The pandemic brought an alarming increase to these already worrying statistics, with distress calls to domestic violence helplines rising by up to 300 per cent in some countries, and domestic homicide rates higher than average.

With the pandemic seizing the world’s attention, countries are left with limited resources to make tough choices. Anecdotal evidence shows the virus has impelled governments to direct resources towards fighting the pandemic from domestic violence support services.

It is encouraging to see some governments and organisations have partnered to provide alternative support to victims of domestic violence.

For instance, the Jamaican Ministry of Health and Wellness, together with the Pan American Health Organization, has established a hotline. Calls are handled by well-trained volunteers who not only offer support to victims in need but can also pick up cues to determine whether callers are experiencing violence.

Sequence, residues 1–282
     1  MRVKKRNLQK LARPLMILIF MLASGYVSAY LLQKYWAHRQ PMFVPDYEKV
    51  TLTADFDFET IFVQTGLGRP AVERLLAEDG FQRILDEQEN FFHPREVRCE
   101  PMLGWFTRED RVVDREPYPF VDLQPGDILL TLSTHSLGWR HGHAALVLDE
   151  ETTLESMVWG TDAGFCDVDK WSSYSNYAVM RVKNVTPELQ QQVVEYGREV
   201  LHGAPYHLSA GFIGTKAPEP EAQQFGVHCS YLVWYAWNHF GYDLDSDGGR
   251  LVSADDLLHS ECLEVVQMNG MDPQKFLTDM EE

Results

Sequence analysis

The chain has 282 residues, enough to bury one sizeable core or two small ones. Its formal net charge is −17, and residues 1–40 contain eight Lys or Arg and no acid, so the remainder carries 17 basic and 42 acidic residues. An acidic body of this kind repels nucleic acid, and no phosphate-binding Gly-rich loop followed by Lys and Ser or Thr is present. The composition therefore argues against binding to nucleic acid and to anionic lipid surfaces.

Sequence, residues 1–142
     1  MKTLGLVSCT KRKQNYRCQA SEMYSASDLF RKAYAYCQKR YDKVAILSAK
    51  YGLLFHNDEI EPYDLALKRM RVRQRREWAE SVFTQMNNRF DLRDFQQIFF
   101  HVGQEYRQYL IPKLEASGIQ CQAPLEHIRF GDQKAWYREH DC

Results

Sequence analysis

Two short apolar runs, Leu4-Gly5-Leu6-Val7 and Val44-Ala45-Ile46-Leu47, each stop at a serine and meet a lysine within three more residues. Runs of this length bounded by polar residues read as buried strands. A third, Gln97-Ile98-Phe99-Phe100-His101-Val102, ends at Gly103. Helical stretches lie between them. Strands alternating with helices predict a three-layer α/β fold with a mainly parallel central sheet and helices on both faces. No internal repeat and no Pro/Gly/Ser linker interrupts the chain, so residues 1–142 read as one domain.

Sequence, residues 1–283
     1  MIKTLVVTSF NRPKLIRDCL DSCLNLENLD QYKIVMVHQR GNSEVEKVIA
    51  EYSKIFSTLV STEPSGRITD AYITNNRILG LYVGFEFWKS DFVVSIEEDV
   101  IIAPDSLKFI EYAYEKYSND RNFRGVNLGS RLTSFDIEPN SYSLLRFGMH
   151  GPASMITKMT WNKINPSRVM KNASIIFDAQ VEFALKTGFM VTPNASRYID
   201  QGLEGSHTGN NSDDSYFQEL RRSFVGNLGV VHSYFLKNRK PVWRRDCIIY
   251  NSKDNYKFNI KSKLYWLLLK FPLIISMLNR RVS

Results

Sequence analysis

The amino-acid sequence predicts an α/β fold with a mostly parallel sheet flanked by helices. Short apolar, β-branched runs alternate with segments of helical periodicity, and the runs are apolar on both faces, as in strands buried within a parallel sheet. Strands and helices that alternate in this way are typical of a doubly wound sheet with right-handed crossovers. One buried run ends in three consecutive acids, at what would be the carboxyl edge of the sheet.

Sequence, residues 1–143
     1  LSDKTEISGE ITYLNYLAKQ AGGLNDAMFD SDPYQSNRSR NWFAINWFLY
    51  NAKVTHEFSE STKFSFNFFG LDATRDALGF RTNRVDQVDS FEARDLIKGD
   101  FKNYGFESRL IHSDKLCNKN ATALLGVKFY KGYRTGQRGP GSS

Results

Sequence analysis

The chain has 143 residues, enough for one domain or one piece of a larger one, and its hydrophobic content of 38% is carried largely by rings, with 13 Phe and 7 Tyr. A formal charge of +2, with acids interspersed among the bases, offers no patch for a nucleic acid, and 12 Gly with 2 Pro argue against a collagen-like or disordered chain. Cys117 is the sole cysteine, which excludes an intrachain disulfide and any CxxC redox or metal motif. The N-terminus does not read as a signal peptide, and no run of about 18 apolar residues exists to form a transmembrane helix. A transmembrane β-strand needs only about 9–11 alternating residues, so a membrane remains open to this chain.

More countries in the region should follow this approach to ensure no woman or girl is left trapped in a helpless situation with nowhere to go.

The Commonwealth Says NO MORE digital portal is also an important resource, which provides victims in the region with critical information, including local hotlines, safety plans and legal guidance, to escape abusive homes.

No doubt, the pandemic has made the tough task of ending violence against women and girls even harder. The greater recognition of this hidden violence demands that response and recovery efforts must not forget those most affected by the impact of the pandemic.

With or without a pandemic, the ever-present threat of violence will loom for women and girls – unless we tackle this scourge the same way we are dealing with COVID-19 and economic recession.

The ‘16 Days of Actions’ blog series is part of the Commonwealth Says NO MORE campaign. Read the full series here, learn more about the Commonwealth’s work on ending violence against women and girls here – and join in the conversation on social media by using #CommonwealthSaysNOMORE.